An analysis of unpublished letters to the first American gay magazine reveals the agency, adaptation, and resistance occurring in the gay community during the McCarthy era.
Finalist for the 2013 Over the Rainbow Selection presented by the Gay, Lesbian, Bisexual, and Transgendered Round Table (GLBTRT) of the American Library Association
In this compelling social history, Craig M. Loftin describes how gay people in the United States experienced the 1950s and early 1960s, a time when rapidly growing gay and lesbian subcultures suffered widespread discrimination. The book is based on a remarkable and unique historical source: letters written to ONE magazine, the first openly gay publication in the United States. These letters, most of which have never before been published, provide extraordinary insight into the experiences, thoughts, and feelings of gay men and lesbians nationwide, especially as they coped with the anxieties of the McCarthy era. The letters reveal how gay people dealt with issues highly relevant to LGBT life today, including job discrimination, police harassment, marriage, homophobia in families, and persecution in churches and the military. Loftin shows that gay men and lesbians responded to intolerance and bigotry with resilience, creativity, and an invigorated belief in their right to live their lives as gay men and lesbians long before this was accepted and considered safe. Groundbreaking chapters address gay marriage and family life, international gay activism, and how antigay federal government policies reverberated throughout the country.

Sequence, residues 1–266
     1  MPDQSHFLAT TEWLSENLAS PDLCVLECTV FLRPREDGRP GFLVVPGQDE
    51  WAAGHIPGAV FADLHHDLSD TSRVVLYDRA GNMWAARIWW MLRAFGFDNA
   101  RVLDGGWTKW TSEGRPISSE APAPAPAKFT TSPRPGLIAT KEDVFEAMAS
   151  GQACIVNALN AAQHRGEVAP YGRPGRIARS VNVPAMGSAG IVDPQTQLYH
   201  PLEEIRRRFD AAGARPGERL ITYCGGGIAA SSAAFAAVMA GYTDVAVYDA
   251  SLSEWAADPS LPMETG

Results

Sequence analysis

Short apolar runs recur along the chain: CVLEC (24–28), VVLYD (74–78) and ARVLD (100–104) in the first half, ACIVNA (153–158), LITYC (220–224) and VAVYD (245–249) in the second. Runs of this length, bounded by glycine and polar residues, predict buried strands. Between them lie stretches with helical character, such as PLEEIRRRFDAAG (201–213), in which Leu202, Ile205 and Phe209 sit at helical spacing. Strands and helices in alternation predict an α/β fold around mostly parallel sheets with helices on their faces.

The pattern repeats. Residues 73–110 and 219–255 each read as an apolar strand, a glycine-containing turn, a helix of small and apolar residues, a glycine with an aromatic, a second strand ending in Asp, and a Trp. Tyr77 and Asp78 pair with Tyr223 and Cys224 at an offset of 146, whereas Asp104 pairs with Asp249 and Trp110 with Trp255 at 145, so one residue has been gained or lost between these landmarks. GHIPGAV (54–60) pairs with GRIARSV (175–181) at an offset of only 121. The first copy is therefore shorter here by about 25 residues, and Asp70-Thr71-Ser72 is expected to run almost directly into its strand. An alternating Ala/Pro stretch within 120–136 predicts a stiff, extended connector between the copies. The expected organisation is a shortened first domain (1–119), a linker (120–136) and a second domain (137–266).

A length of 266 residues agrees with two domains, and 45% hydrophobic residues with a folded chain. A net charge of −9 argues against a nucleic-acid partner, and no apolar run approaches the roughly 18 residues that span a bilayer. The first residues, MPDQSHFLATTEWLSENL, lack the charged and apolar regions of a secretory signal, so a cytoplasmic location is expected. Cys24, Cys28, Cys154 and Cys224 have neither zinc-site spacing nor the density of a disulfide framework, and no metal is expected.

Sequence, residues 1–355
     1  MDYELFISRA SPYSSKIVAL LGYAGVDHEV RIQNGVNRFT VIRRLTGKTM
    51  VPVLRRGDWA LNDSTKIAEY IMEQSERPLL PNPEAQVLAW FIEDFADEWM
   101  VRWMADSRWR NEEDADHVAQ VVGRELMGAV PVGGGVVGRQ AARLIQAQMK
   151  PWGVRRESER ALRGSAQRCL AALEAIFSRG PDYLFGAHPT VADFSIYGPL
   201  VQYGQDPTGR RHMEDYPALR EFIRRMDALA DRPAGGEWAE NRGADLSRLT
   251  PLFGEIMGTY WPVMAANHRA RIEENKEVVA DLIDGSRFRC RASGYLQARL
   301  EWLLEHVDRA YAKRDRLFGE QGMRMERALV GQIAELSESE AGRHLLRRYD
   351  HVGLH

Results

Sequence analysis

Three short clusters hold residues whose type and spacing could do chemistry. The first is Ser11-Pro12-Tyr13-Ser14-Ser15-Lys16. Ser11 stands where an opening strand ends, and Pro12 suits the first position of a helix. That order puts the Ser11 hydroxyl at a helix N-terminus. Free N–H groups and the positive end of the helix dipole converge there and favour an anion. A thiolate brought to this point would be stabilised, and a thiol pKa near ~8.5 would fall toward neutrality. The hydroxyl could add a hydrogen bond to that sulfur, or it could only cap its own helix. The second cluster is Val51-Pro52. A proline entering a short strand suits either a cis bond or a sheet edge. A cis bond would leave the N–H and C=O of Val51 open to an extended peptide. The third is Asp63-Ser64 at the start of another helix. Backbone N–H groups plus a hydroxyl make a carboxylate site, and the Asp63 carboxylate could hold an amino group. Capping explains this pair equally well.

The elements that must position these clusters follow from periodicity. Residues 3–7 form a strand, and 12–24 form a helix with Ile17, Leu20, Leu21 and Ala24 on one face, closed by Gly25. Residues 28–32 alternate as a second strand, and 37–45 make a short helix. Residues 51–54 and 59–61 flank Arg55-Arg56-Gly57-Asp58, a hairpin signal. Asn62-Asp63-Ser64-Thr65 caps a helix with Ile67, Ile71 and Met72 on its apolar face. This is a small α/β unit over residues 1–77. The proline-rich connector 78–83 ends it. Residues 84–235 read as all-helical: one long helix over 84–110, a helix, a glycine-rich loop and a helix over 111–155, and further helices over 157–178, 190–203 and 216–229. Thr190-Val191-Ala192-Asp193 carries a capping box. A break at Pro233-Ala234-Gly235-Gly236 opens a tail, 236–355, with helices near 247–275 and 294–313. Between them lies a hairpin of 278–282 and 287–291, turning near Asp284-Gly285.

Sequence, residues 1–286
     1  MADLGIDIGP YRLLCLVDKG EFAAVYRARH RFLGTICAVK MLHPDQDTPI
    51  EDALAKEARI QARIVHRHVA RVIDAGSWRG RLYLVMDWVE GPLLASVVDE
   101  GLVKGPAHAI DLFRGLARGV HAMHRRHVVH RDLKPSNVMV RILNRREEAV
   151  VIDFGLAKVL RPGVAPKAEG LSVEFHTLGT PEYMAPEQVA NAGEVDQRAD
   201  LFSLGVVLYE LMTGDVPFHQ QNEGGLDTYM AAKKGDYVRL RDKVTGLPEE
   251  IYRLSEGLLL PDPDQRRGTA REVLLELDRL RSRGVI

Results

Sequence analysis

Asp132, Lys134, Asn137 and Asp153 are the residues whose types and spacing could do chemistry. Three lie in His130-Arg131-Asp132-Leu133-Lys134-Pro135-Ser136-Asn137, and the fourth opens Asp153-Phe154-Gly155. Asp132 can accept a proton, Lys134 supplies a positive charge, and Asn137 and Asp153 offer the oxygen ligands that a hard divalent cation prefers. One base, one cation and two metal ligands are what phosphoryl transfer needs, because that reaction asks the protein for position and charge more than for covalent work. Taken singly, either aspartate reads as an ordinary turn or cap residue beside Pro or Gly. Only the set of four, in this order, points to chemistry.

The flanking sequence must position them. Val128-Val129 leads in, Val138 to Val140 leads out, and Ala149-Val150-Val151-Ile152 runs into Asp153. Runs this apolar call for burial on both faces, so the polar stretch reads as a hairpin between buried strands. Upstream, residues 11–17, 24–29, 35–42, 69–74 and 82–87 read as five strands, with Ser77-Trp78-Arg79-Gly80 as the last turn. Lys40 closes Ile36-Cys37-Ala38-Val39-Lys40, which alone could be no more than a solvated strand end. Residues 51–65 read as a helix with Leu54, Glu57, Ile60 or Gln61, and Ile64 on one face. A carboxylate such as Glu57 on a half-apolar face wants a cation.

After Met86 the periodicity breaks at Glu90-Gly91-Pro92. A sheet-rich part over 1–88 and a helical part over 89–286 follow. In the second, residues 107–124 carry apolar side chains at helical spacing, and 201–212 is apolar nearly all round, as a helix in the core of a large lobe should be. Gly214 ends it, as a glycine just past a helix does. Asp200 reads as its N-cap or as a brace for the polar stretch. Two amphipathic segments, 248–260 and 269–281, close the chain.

Craig M. Loftin is Lecturer in American Studies at California State University, Fullerton.
"[a] remarkable book … about gay and lesbian life in the 1950s and '60s." — Los Angeles Times
"The book's interest and value comes through the letters, which present a close-up, personal view of gay life following WWII." — CHOICE
"The letters to ONE are terrific, providing a valuable sense of the concerns and perspectives of gay men and lesbians who might be considered rank-and-file homophiles. The book illustrates how people sometimes minimally engaged with the movement negotiated the postwar period and made a difference." — Leila J. Rupp, author of Sapphistries: A Global History of Love between Wome